How to read chest x-rays

by  Ozlem Koksal


Chest X-ray interpretation is one of the fundamental skills of every doctor. Emergency physicians are particularly exposed to various chest x-rays during a regular shift. Therefore, knowing the basics and pathologies in the ED setting is very important. This chapter will summarize the basics of chest x-ray interpretation and give some pathologic examples.

There are 3 types of chest films;

  • AnteroPosterior (AP)
  • PosteroAnterior (PA)
  • Lateral

The ideal timing can be defined as the end of inspiration, and the patient should hold his breath at that time. Meanwhile, the X-ray tube should be 180 cm away. Unfortunately, the majority of the patients may not fit the ideal situation because of their acute problems. Emergency physicians interpret many portable (bedside) anteroposterior chest x-rays with poor quality, without lateral views to make the diagnosis. The image quality is one of the most important things in image interpretation.

Assessing The Image Quality, “RIPE” mnemonic is used; Rotation, Inspiration, Position, Exposure(Penetration).

  • Rotation: The clavicles should appear symmetrical and be seen as equal length. The distance between the thoracic spinal process and clavicular heads should be equal (Figure-1). If there is a rotation, mediastinum may look abnormal.

Figure-1: The clavicular heads and spinous process alignment. The x-ray shows minimal rotation. Compare X and Y.

336.1 - PA chest x-ray - Rotation


  • Inspiration: On good inspiration, the diaphragm should be seen at the level of the 8th – 10th posterior rib or 5th – 6th anterior rib.

Figure 2 – The chest x-ray shows adequate inspiration.

336.2 - normal PA chest x-ray - inspiration till 11th posterior rib


  • Position: PA, AP, or lateral view? The standard chest X-Rays consists of a PA and lateral chest X-Ray.

The normal lateral chest x-ray view is obtained with the left chest against the cassette. If the x-ray is a true lateral, the right ribs are larger due to magnification and usually projected posteriorly to the left ribs (Figure-3).

Figure-3: The right ribs (red arrows) and left ribs (green arrows) on the lateral chest X-Ray.

337.3 - normal lateral chest x-ray showing right and left ribs

On the AP film, the chest has a different appearance. The heart and mediastinal shadow are magnified because of anterior structures, mainly sternum. This view is taken mostly at the bedside as portable. Some patients are at semi-erect or supine position. Therefore, mediastinal structures are widened because of gravity.

The pulmonary vasculature is altered when patients are examined in the supine position. The size of the pulmonary vasculature is more homogeneous throughout the upper and the lower lobes. (Figure-4 and 5). Supine views are less useful and should be reserved for critical patients who cannot stand erect position.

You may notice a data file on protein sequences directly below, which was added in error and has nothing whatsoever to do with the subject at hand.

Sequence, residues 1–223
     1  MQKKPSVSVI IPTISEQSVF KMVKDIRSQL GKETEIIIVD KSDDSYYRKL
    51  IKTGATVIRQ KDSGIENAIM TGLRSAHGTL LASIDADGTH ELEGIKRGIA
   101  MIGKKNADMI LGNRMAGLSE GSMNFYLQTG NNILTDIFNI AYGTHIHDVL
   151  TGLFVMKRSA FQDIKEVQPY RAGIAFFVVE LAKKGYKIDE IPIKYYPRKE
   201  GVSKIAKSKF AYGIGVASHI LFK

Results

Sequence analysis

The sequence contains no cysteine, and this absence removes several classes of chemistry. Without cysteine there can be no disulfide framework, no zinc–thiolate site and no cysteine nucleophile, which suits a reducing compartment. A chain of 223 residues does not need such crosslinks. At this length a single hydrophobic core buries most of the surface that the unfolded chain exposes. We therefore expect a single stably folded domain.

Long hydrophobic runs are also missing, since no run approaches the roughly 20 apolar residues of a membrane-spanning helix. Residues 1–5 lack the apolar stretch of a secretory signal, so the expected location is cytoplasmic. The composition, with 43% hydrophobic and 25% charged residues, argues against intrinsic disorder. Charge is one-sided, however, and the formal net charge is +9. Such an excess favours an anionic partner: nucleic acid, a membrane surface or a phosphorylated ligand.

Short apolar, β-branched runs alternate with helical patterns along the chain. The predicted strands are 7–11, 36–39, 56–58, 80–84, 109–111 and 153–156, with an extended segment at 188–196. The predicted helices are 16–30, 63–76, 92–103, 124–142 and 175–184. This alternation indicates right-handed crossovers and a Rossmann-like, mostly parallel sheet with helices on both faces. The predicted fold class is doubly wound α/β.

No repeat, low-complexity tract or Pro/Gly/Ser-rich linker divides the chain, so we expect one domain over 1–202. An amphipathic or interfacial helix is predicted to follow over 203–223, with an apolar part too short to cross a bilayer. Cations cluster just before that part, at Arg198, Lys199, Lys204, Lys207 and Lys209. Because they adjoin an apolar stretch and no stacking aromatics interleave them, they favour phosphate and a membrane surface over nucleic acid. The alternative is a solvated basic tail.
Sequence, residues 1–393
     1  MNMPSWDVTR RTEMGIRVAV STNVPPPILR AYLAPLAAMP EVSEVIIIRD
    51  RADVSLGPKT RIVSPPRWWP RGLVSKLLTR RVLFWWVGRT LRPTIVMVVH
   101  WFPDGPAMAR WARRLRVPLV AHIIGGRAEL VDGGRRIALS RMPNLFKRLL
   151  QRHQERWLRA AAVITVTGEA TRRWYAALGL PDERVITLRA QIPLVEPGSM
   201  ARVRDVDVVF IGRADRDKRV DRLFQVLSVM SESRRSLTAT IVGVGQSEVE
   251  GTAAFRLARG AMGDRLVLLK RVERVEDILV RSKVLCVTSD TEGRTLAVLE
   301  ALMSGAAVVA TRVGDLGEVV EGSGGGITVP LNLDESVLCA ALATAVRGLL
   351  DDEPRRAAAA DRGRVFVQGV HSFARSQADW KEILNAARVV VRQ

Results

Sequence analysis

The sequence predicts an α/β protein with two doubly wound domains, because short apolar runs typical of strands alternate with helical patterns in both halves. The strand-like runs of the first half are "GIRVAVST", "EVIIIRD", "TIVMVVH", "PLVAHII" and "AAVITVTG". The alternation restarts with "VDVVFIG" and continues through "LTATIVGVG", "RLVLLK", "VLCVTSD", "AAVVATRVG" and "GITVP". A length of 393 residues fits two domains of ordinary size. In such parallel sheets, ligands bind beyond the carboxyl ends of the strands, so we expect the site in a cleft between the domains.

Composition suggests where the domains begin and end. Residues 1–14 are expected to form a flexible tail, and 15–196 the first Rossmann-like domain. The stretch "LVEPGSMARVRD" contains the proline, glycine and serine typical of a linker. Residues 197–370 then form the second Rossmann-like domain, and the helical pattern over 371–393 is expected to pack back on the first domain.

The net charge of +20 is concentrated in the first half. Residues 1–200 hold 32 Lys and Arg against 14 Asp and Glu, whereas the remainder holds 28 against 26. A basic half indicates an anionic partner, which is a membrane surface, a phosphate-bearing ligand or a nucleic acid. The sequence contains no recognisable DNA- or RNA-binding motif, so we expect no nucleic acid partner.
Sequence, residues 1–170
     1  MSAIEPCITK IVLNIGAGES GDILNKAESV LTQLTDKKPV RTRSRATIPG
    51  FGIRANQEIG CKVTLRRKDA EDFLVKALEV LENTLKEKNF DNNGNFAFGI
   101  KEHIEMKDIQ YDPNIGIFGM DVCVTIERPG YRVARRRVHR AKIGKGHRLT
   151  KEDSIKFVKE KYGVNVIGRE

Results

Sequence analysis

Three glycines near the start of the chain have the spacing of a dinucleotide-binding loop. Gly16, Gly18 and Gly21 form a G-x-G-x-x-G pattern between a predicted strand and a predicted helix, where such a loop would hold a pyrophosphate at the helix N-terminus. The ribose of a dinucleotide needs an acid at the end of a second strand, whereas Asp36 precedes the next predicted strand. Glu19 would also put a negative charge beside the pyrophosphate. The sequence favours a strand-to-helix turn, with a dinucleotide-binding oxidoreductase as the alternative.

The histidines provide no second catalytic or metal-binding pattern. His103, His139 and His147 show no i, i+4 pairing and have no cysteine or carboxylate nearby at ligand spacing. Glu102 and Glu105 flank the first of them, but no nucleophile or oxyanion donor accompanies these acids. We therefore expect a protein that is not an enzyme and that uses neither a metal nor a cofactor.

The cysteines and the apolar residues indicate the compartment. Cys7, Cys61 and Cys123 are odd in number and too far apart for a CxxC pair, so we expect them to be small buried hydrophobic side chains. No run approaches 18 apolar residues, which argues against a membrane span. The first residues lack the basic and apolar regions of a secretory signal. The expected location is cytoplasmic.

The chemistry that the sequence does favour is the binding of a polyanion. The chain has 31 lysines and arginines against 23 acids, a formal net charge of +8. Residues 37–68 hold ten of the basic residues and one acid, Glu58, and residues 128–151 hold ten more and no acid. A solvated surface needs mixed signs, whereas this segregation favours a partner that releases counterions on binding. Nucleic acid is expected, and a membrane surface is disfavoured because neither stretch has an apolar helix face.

Figure-4: The normal X-Ray film.

336 - normal PA chest x-ray

Figure-5: The AP X-Ray shows magnification of the heart and widening of the mediastinum.

375 - pneumonia other


  • Exposure / Penetration: Ideally, you should be able to see the heart, the blood vessels, and the intervertebral spaces. Exposure should be adequate if you are able to see approximately T4 vertebra and spinal process. If the film is underexposed, you will not be able to see them (Figure-6). If the film is overexposed, details of bone structures will be lost (Figure-7).

Figure-6: Underexposed PA X-Ray film.You can not appreciate thoracic vertebras.

71.1 - AD1

Figure-7: Overexposed PA X-Ray film. You are able to see all vertebral bodies with obvious intervertebral spaces.

337.4 - PA chest x-ray overexposure


The interpretation of a chest X-Ray should be approached systematically. For chest X-Rays, there is a classic schematic: “ABCDEF.” You should first check the patient’s name and date of the film. You should also check the side marker, and the film position (PA or AP). Finally, you should check patient’s position such as supine, erect or semi-erect.

The analysis is ABCDEF:

  • Airways
  • Bones
  • Cardiac
  • Diaphragm
  • Extrathoracic tissues
  • Fields and Fissures


The trachea, carina and both main bronchi are called the upper airway and should all be visible on an AP view (Figure-8). Look for if there is any deviation of the trachea away from the midline. Introduction of air into one side of the chest cavity will cause that side of the lung to collapse. The collapsed lung will push the trachea to the opposite side and resulting in a deviation that will show up on chest X-Ray.

Figure-8: Airway structures on the chest X-Ray. (Red Arrows: trachea, Green Arrow: carina, Pink Arrows: left and right main bronchus)

336.3 - normal PA chest x-ray AIRWAY STRUCTURES



A chest X-Ray provides a good view to look for ribs and clavicle fractures. Clavicular fractures are usually at the middle 3rd of the clavicle, which is easy to see in chest X-Rays. Rib fractures, however, can sometimes be hard to see. Each rib should be followed across its length to look for fracture lines or step-offs that could indicate a fracture.

Hyperinflated lungs are seen as the result of chronic obstructive pulmonary disease where the patient is unable to fully expel the air that is inhaled with every breath. Because of this, overinflation will result in a greater number of ribs that can be visible on the chest X-Rays. Normally, 8-10 ribs are expected to be seen on the chest X-Ray (Figure-9).

Figure-9: Bone structures on the PA chest X-Ray. (Numbers: ribs, red dashed line and arrows: clavicle, yellow dashed line and arrows: medial border of scapula, green dashed line and arrows: 3rd rib, pink dashed line: vertebras)

336.4 - normal PA chest x-ray - BONY STRUCTURES